Friday, February 03, 2006

Beware, Bramboráčky!

Not everyone likes Czech food. This is, to me, a great mystery. When I look at guidebooks that bewail the allegedly dull and heavy nature of Czech cooking, I am astounded. True, it is not traditionally a vegetarian cuisine, but the flavors can be delectable, and a proper Czech meal normally balances its elements so that meat gets highlighted by the side dishes and beer. This is not to say that every meal is good or that every dish will be to one’s liking, but that’s true everywhere.
There are, however, certain quirky items that can only be described as an acquired taste. For example, fried cheese. How it ever occurred to anyone that cheese should be breaded and deep fried, I cannot imagine. In fact, I had never heard of it until American vegetarians who had visited Prague started raving about this wonderful stuff. Since I had never been served it in a Czech home, I concluded that it was a new invention designed to satisfy the influx of vegetarian tourists. Yet apparently it was not. I have now concluded that it wasn’t considered elegant enough to serve to guests. And, gradually, I have gotten to like it, although it is generally served with French fries and those are not something I normally eat unless I’m on some sort of long-distance drive. Leaving aside the French fries, fried cheese with tartar sauce is a tolerable dish.
There are also various odd appetizers designed to go with one’s beer. I have not tried many since I don’t usually drink beer between meals, but marinated cheese, while a bit bizarre, does go well enough with beer.
The snack that defeats me, however, is bramboráčky. These are small spiced potato pancakes fried in what must be a vast quantity of oil. The first time I had these was on a visit to a relative of some Czech friends. I have always heard that she is an admirable cook, and in fact that she continues to cook herself soup every day in her old age. On this occasion she had made countless bramboráčky. I recall thinking that the first one was simply divine. The next two or so still seemed pretty good, but the flavor seemed to deteriorate rapidly as I ate, and not through any fault of the cook. I cannot imagine how many of the things lay on the serving plate, but there were at least six of us there to eat them and I am quite sure I managed to force at least eight or ten down my throat before I concluded that I could not possibly stomach another one even if this meant a grave affront to the cook. The last few seemed thoroughly noxious.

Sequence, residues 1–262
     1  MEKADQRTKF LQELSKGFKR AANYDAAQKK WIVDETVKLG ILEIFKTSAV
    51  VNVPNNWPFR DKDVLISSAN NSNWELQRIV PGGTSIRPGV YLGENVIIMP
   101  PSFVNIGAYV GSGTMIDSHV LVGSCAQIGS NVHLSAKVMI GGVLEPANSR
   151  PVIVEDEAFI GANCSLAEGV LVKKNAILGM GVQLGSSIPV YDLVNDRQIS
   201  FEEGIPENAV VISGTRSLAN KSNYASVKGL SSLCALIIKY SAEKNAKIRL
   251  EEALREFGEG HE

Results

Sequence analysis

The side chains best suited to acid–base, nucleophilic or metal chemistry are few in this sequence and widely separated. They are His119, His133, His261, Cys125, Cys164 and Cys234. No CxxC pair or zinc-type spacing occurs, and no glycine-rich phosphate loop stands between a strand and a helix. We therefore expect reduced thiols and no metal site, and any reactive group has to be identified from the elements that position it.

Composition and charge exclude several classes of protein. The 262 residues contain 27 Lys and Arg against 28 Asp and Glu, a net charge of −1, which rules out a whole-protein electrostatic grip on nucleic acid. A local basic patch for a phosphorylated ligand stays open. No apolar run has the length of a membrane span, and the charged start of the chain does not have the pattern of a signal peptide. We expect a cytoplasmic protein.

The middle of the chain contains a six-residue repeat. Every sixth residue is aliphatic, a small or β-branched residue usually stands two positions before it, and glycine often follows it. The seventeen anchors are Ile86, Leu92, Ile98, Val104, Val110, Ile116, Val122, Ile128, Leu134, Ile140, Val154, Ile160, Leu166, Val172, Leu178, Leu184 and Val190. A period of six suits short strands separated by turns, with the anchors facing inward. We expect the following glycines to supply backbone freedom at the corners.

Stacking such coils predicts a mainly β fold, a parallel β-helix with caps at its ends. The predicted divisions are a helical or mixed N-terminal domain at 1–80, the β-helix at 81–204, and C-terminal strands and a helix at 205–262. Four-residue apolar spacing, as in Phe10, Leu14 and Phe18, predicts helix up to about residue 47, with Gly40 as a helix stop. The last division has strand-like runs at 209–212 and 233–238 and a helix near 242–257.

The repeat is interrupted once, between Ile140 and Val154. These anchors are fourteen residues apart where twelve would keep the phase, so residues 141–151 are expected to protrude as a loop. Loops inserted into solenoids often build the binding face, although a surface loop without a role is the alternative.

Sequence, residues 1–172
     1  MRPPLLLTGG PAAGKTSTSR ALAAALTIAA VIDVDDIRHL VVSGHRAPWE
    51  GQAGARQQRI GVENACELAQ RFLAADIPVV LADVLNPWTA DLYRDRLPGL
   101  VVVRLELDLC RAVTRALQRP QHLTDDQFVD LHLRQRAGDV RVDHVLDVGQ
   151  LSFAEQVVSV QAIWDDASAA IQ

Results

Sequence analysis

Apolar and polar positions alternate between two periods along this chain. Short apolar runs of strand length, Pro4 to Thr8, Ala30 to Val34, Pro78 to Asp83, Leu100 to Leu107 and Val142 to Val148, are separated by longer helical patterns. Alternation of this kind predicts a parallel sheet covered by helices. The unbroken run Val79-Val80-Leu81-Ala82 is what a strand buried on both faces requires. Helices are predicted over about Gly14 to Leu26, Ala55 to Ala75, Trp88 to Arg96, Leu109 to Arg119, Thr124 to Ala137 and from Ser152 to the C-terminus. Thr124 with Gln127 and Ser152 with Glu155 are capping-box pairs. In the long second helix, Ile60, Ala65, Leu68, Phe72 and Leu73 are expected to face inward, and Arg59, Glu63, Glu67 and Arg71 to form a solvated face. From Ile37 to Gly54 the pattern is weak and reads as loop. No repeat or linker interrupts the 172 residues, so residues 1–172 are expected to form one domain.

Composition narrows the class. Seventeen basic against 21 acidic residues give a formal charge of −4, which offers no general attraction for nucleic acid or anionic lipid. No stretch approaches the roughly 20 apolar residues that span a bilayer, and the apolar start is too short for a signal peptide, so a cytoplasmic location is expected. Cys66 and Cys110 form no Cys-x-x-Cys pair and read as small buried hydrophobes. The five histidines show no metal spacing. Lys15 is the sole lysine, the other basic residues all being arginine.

Since I know that the first one was heavenly, it seems clear that the key to eating bramboráčky is to have very few at a time. After all, I do not always tolerate oil and fat very well, so there are many foods that quickly make me feel rather sick, such as alfredo sauce (alas).
I’ve gotten up the nerve to try bramboráčky another couple of times over the past nineteen years, but I’m afraid that these weren’t cooked with the skill of the first ones. The second time, they were nasty from the first bite, oily and badly seasoned. The second time, when Megan and I met a friend of hers for beer recently, they were edible, but still too oily, not very well seasoned, and rather limp. With the help of Megan and the beer, I got through most of the plate of four. By the time I got home, I was sorry I hadn’t gotten something safe like marinated cheese.

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4 Comments:

Blogger Julia said...

Bramboracky isn't my favorite either - from home or restaurant, but I do love homemade Czech knedliky. It is so much lighter than what you find in most restaurants and grocery stores.

February 04, 2006 4:52 PM  
Blogger Hubert said...

There are also those really big bramboracky which contain sauteed mushrooms, pork, and onions. I love that stuff, but maybe only once per year.

February 09, 2006 9:05 PM  
Blogger Hubert said...

By the way, Karla, how do you get those diacritics into you blog? Let's see if this works:

+ěščřžýáíé=

February 09, 2006 9:06 PM  
Blogger Karla said...

I usually cut and paste from Word, but sometimes I set the keyboard to Czech.
The little bramboráčky the other night at the Fulbright conference tasted good to me, whereas for some reason the chicken-pepper směs beside them was problematic. (I will try to avoid bringing in any more dental matters.)

February 09, 2006 10:46 PM  

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